Tuesday, September 26, 2017

Yield Curves And The Economy

At first blush, it may appear that an inverted yield curve is desirable. After all, this is a possible indication of expected lower inflation in the future. However, the the past six recessions in the U.S. dating back to the 1960s have been preceded by an inverted yield curve. Recent Fed actions have led to a change in the interpretation of yield curve as Fed actions have flattened the yield curve by taking risk out of the system, reducing the term premium, or extra return for taking the risk associated with longer term bonds. Instead, the term premium between other financial instruments such as high-yield bonds may be more indicative of future economic stability. As this article highlights, even though the term premium for Treasury bonds has flattened, the term premium for high-yield bonds (Actually credit default swaps on those bonds: Think of it as insurance that only pays out if those bonds default.) has increased.

Zuckerberg Loses New Votes

Even though Mark Zuckerberg currently controls the majority of Facebook's voting shares, it appears that even that has limits. Facebook recently announced that it would not seek approval of Class C shares that would effectively allow Zuckerberg voting control forever. Market sentiment on dual class shares has shifted, as indicated by the announcements that no new companies with dual voting share classes would be admitted into the S&P 500 or any FTSE Russell indices. Additionally, the approval of Class C stock with super-voting power would probably have prompted a shareholder lawsuit in which Mark Zuckerberg would have been for a deposition or as a witness, something he would likely wish to avoid.

Buybacks Fall

In the second quarter of 2017, S&P 500 companies repurchased $120.1 billion worth of stock, down 9.8 percent from the first quarter and a 5.8 percent decrease from the second quarter of 2016. Only 66 of the 500 companies reduced the number of shares outstanding by 4 percent, while more than 20 percent repurchased more than 4 percent of shares outstanding the the second quarter of 2016. Apple and Boeing led the way, repurchasing $7.1 billion and $2.5 billion in shares, respectively. The S&P 500 companies did set a dividend record, paying out $104 billion during the quarter, up from $100.9 billion in the first quarter.

Wednesday, September 20, 2017

Corporate Underinvestment

A recent article indicates that financial managers may not be following good capital budgeting techniques. The median hurdle rate used to value new projects is 12.0 percent, with an average rate of 13.6 percent. Meanwhile, the same survey notes that the median WACC is 9.8 percent, with a mean of 10.6 percent. While that article infers that these numbers should be the same, we differ on this assumption. If new projects are riskier than the company, which would likely be the case, then the cost of capital for new projects would necessarily be greater than the WACC since the required return on a project depends on the use of funds, not the source of funds.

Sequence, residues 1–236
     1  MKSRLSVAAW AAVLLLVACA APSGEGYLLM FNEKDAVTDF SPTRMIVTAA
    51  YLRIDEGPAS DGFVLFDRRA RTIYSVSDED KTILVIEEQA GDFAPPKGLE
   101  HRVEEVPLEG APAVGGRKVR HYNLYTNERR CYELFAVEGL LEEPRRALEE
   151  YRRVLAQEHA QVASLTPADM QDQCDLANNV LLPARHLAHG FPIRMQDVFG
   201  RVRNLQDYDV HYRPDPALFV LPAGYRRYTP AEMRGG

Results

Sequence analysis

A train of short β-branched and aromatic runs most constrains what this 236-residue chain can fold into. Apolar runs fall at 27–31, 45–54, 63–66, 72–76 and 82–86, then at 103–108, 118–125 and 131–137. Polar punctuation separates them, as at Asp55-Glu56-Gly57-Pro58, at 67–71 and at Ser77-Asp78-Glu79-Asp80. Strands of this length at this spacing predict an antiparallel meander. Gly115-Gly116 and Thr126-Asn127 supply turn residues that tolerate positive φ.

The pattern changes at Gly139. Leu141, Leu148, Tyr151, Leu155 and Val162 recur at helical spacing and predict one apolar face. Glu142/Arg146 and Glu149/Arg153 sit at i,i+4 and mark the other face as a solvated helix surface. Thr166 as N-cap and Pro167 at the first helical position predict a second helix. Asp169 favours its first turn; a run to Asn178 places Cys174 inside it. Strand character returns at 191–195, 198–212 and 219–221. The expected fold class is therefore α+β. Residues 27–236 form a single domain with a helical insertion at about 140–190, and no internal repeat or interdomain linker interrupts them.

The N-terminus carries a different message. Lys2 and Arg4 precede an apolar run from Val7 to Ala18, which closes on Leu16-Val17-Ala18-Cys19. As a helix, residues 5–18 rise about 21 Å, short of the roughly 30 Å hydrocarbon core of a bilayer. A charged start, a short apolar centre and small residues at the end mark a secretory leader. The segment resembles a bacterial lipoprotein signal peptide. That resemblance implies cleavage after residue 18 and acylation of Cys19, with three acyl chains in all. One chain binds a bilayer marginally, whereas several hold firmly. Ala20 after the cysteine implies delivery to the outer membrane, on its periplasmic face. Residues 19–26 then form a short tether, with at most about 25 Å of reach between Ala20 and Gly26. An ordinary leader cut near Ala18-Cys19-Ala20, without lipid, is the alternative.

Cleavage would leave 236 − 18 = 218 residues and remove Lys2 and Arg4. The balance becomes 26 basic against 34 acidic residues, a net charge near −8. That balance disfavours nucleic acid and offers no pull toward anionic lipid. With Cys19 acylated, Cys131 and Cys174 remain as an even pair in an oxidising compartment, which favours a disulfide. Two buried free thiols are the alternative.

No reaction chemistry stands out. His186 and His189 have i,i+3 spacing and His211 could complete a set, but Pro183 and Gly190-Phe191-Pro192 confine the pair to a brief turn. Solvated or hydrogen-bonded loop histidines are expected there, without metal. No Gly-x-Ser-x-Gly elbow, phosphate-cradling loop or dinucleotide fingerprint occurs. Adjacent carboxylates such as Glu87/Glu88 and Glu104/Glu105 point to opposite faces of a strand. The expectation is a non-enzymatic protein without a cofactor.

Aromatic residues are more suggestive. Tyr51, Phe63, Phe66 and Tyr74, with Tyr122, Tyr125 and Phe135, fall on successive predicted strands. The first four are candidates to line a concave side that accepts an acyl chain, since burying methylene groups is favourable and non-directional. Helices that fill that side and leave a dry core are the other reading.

Underinvestment still does occur, as 67 percent of respondents answers “No” when asked if their company undertook all projects that create value. Common reasons given for not pursuing value creating projects were:

Shortage of management time and expertise (51%)
The project is not consistent with the company’s core strategy (41%)
The risk of the project is too high (39%)
Shortage of funds (38%)
Shortage of employees (32%)

Tuesday, September 19, 2017

Toys R Us Joins Retailers In Bankruptcy

With $5 billion in debt, Toys R Us becomes the second largest retailer in U.S. history to file bankruptcy, following only KMart. The bankruptcy filing is at the worst possible time for the company as it is ramping up inventory for the fourth quarter, which typically accounts for about 40 percent of the company's revenue. Overall, 2017 has been a bad year for retailers as 35 retailers have filed for bankruptcy, including Wet Seal and Radio Shack, who filed Chapter 22 bankruptcies.

An IPO Set To Fly Or Crash

Finnish mobile game maker Rovio has set the price for the company's IPO. The maker of Angry Birds will have a value of about $1 billion based on the IPO price. The company will sell about 55 percent of its shares, with current owner Trema International retaining about 37 percent ownership. The IPO price of 10.25 to 11.50 euros values the company about the same as peers, but does include an expectation for profit growth.

Monday, September 11, 2017

Hurricane Irma And Cat Bonds

Our thoughts and prayers go out to those affected by Hurricane Irma. Fortunately, Irma weakened as it approached the U.S. and property damage estimates dropped from $200 billion to $49 billion, although the final tally won't be known for months. As you can imagine, large natural disasters such as this affect financial markets. Last week, the stock market fell and the dollar weakened based on the dire projections, although both have rebounded today, in part because of the storm's weakening. However, no financial instrument was hit as hard as cat bonds based on hurricane damage in Florida. In fact, one cat bond that was recently issued by Heritage Insurance Holdings fell to 50 cents on the dollar. The cat bond market has reached $90 billion, and almost one-half is tied to Florida hurricane damage.